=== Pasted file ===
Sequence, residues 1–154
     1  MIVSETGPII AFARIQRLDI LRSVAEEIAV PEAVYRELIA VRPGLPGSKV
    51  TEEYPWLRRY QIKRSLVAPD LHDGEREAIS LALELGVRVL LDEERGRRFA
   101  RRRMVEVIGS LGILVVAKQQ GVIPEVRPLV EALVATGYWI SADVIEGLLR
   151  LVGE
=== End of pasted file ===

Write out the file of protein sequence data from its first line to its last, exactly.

Sequence, residues 1–154
     1  MIVSETGPII AFARIQRLDI LRSVAEEIAV PEAVYRELIA VRPGLPGSKV
    51  TEEYPWLRRY QIKRSLVAPD LHDGEREAIS LALELGVRVL LDEERGRRFA
   101  RRRMVEVIGS LGILVVAKQQ GVIPEVRPLV EALVATGYWI SADVIEGLLR
   151  LVGE